One Vein, Two Vein, Red Vein, Blue Vein

A forum to discuss Chronic Cerebrospinal Venous Insufficiency and its relationship to Multiple Sclerosis.

One Vein, Two Vein, Red Vein, Blue Vein

Postby notasperfectasyou » Mon May 11, 2009 2:17 pm

I can read it all by myself.

That's the goal. I'm interested in CCSVI. I’ve spent a little bit of time here at TIMS, first learning that a cytokine was and all about the variations of what is a white blood cell. Then I spent (and still spend) time on bacteria and antibiotics. So you might know just exactly the level of understanding I pursue. In a nutshell, I want to understand the “big words” and I want to find a logical connection between the concepts.

So, I have tried reading about CCSVI and I’ve been slammed with new words. I understand that I don’t need to understand all of them to be here, but that’s not how I do things. I have gone through all the pages of the CCSVI post and printed up most all linked material. I intend to read all of it and understand it. I started with Chung and Hu 2008, Jugular Venous Reflux. I did not make it through the second page. Please don’t try to explain it to me just yet. I want to leave a map here for the next person. So I begin my journey of new learning with ......


Artery’s In, Sinuses Out

I have started with trying to understand how blood flows around the brain. Blood flowing through the brain doesn’t seem to work like it does elsewhere in the body. The first thing I figured out is that there’s a bunch of red lines going into the brain (from the heart) and those are called arteries. There some blue lines coming out of the brain and those are called sinuses. It’s not entirely clear what’s happening in-between, but I don’t know if that’s important. Here’s a PowerPoint that was helpful for me:

Eriksson 2007 Neuroanatomy Related to Stroke

It’s not until you get the very end of the presentation that you can read about Venous Drainage. Goes to show you how much anybody realy has cared about this topic. But, I also learned of a part called “Arachnoid Villi”. Arachnoid Villi seem to be something of an exception to what we all think of as the impenetrable blood-brain-barrier (BBB). I don’t know if these matter at all in my trying to understand CCSVI or even MS, but I guess I was very surprised to read that these things are right there letting excess spinal fluid out and into the blood system. And then, the BBB isn’t so simple either.


Does it Mater

So I was wondering where is the BBB in all this. Well at least part of it is included in the Meninges (men-in-geez), which is made up of Dura Mater, Arachnoid Mater and Pia Mater.

McCaffrey, Unit 11. Blood Supply

“Many substances present in the blood supply are unable to pass through the meninges into the cells of the central nervous system. The blood brain barrier includes two components, the blood/cerebrospinal fluid barrier and the arachnoid barrier layer.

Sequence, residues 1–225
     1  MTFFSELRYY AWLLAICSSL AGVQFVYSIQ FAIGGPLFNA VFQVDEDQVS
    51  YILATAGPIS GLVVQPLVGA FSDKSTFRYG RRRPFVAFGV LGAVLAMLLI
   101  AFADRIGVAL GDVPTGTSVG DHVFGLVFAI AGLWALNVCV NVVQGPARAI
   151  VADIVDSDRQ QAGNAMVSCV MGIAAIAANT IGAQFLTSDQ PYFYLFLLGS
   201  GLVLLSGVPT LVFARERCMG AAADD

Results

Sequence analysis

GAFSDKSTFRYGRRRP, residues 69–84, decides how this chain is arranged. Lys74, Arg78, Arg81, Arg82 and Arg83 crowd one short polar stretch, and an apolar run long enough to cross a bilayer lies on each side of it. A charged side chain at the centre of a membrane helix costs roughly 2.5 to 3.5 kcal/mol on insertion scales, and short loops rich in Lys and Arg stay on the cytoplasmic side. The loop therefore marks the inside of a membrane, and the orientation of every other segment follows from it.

Cerebrospinal fluid is a filtrate of blood by the choroid plexuses (capillary networks) of the ventricles which are formed by fusion of the pia mater and the ependyma (ventricular lining). In the course of this process, not all components of blood are allowed to enter the brain. According to Webster, 1999, only clear plasma passes through, leaving blood cells behind.
The arachnoid barrier layer is a part of the arachnoid meningeal layer. It is formed by tight junctions between the endothelial cells of cerebral capillaries in the arachnoid mater.”

There were some really good diagrams of the Meninges here and a very nice diagram of the Arachnoid Villus here.


Name that Vein

Going back to Zamboni, his December 2008 paper has a really nice diagram in the back that describes the 4 types of Cerebrospinal Venous Insufficiency he observed. I’m not linking to it because I’m sure you have your own copy if not several printed up. Now that I know that red means arteries and that’s outbound blood (from the heart), I can focus on the blue veins that are inbound (to the heart). Here’s a really nice webpage I printed up in color to help me understand the labels: Blood Vessels. I have identified the IVC, L-REN, Vplex, SVC, AZY, IJVr and IJVl. I still don’t know what the VVs is or some of the other unlabelled lines.

Let me just say, I start this quest with NO knowledge of how the brain is designed. These few links above, will give you a HUGE awakening about the thing between your ears. I highly recommend, if you can, print the links up in COLOR because, 1) good reference material and 2) don't know how long those links will last.

I hope you don’t mind having an ABX’er along for the ride. Ken
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Postby cheerleader » Mon May 11, 2009 2:58 pm

Dr. Seuss for the CCSVI forum! Ken, I really do love you, if only for your mind and organizational skills :)

Thank you for taking the time to break down the circulatory system into bite size chunks.

You refer to a very important part of the CNS....the arachnoid villi.
Dr. Dake mentioned today that he thought Jeff's nausea and headache post op was due to his spinal fluid rebalancing (like the way some folks feel after a lumbar puncture), and I wondered how the heck that could happen without an LP...well, looks like the arachnoid villi needed to adjust to Jeff's very different hemodynamic flow. Thanks for sharing. I learn something new everyday around here!
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Postby chrishasms » Mon May 11, 2009 3:22 pm

123
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Postby peekaboo » Mon May 11, 2009 4:34 pm

Not as perfect - Way too cool posting, great writing, Suess Humor (we always need a little of that!) fun links and graphics. I'm too pooped to read & go thru everything but first thing tomorrow am.....